Mitchell tested positive for the coronavirus, drew negative social media comments for addressing racial issues in America and was involved in some friction with teammate Rudy Gobert. But the All-Star guard says his relationship with Gobert is currently in a strong spot.
“Right now we’re good. We’re going out there ready to hoop,” Mitchell said. “And I think the biggest thing that kind of sucked was that it took away from the guys on the team, took away from what the guys on the team were trying to do and I really wish that as going forward.
“I think that’ll be really a part of the focus, is just us gelling as a team because obviously, Rudy and I had COVID and whatever happened, happened, but now we’re ready to hoop and focused on the team as a whole because we’re not really trying to keep taking attention away from what everybody’s got going on. Obviously, we’ve got Bojan [Bogdanovic] out so we’ve got some guys that are really looking good and ready to step up and that’s what we’re really excited about.”
Mitchell confirmed the tension with Gobert following their positive tests for the coronavirus, calling it “no secret” that he was upset by Gobert’s careless behavior. Before he was aware of his infection, Gobert playfully and purposely touched the microphones of reporters following a news conference.
Gobert and Mitchell did not speak to each other for a month after Gobert’s positive test on March 11, which triggered the suspension of the NBA season. Gobert was the first player reported to test positive for the coronavirus, then Mitchell tested positive the next day.
Mitchell said he didn’t address their team issues publicly because he wanted to handle them internally. He credited that to his maturity and growing up. Mitchell said in his first two seasons he didn’t have to address anywhere near the public scrutiny he has had to handle since March.
“I’ve been going nonstop, really, so now I think this time off has allowed me really just to sit back and just watch,” Mitchell said. “I’m asking questions from guys around the league how they’ve handled different things and I think it’s been a time for me to really just find myself in a way that I’ve never really found because I’ve been on the move for so long.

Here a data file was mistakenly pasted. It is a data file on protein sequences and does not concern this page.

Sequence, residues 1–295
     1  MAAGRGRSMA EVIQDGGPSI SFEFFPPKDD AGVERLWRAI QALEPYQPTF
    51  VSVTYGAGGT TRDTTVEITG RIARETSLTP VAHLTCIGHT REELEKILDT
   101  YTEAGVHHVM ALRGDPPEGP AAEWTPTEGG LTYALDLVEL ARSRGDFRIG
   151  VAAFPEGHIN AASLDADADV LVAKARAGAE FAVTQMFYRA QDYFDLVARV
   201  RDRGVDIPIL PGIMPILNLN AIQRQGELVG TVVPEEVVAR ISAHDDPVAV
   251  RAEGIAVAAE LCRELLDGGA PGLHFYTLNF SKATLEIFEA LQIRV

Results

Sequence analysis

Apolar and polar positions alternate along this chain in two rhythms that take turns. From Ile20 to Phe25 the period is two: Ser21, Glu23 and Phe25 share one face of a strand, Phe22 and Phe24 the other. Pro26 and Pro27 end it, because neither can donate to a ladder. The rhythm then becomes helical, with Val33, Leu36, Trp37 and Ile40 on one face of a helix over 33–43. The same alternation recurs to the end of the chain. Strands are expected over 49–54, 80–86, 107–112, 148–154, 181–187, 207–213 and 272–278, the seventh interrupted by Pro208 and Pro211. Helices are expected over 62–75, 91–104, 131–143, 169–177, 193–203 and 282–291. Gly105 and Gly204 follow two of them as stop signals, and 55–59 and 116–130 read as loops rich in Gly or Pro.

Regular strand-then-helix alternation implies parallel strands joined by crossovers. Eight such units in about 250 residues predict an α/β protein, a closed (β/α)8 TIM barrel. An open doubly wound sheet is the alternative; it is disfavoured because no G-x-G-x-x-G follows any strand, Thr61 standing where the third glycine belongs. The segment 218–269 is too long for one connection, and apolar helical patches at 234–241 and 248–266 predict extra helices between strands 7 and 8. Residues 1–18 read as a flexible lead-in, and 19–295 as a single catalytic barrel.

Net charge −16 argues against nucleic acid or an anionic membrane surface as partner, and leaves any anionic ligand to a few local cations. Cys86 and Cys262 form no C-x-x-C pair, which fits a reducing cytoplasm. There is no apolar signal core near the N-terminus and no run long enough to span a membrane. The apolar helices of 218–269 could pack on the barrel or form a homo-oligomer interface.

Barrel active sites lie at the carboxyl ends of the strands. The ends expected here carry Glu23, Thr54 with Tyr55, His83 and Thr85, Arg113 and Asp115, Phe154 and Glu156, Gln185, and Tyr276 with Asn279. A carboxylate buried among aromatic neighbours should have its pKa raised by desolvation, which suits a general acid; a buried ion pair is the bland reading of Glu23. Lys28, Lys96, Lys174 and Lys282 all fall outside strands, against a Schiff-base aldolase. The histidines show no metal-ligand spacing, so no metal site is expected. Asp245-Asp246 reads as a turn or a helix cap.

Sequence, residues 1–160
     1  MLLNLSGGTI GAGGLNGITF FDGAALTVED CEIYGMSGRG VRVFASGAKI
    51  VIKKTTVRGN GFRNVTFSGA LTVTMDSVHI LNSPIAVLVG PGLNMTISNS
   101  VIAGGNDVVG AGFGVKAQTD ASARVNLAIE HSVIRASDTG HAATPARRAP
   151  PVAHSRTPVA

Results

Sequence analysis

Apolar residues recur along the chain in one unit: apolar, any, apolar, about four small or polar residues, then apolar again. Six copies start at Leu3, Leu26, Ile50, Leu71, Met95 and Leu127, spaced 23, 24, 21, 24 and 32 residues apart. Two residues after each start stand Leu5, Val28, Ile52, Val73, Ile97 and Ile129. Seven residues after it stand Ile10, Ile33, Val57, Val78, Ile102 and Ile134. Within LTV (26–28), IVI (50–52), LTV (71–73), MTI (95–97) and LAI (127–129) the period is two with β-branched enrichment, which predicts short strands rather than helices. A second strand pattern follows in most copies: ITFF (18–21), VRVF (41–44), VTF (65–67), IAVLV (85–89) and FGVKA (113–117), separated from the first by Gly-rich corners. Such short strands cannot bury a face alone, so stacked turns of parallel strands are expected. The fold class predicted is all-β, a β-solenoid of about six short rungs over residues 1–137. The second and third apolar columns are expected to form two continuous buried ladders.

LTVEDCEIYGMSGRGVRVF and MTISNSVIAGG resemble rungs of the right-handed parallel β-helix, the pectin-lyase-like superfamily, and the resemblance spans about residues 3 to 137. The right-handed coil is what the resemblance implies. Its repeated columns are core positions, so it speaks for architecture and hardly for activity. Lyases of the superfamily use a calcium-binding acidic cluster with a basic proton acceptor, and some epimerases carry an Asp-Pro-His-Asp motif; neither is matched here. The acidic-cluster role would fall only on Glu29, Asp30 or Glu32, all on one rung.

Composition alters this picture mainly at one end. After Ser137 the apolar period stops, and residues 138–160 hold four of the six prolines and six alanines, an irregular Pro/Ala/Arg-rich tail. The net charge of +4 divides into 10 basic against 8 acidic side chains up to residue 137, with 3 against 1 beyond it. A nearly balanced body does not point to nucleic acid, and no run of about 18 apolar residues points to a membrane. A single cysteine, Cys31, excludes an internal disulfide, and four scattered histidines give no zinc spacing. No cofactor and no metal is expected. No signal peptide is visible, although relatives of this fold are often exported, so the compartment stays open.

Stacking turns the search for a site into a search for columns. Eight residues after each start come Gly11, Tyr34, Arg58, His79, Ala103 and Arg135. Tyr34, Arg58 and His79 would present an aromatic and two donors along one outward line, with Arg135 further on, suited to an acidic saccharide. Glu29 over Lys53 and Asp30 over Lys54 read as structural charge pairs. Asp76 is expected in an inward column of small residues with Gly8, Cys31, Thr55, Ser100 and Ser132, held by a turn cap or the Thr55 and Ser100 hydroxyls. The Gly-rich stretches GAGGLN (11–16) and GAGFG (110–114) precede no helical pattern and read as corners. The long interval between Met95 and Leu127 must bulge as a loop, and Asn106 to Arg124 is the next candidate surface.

“So, it’s allowed me to kind of sit there and understand that, one, this is a business. And being a professional, it’s going to be highs, it’s gonna be lows, and I knew that on the court especially. But off the court, there’s so many different things that’s going to be things that are great and things that kind of open your eyes and kind of make you sit back and just re-evaluate and look at things,” he added. “I think that’s been the biggest thing for me and just kind of being able to adapt to that without kind of going crazy.”
Jazz executive vice president of basketball operations Dennis Lindsey said in May that Mitchell and Gobert were “ready to put this behind them” during a Zoom call with media members. Gobert has expressed the same approach.
“It’s not about being unprofessional. You know, everyone has different relationships,” Gobert told Bleacher Report in April. “It’s never perfect. People that are married, it’s never perfect. Me and my teammates, it’s far from perfect, but at the end of the day we both want the same thing and it’s winning. We’re both grown men and we’re both going to do what it takes to win.”
Before the break, Mitchell was averaging a career-best 24.2 points, 4.2 assists and 4.4 rebounds on 45.3% shooting in his first All-Star season. As Utah prepares to enter the Orlando bubble for the league’s restart, co-existing with Gobert is the least of his concerns as he’s approaching a near-guaranteed max extension offer. Staying healthy is his biggest worry.
“For me, the biggest thing with coming back is injury. Not having played for maybe like 120 days or something like that, and kind of just being at a complete halt and then kind of going right into games that matter,” Mitchell said. “It’s not like these games are just like the preseason where you’re sitting out, these games matter and I think that’s my biggest concern.”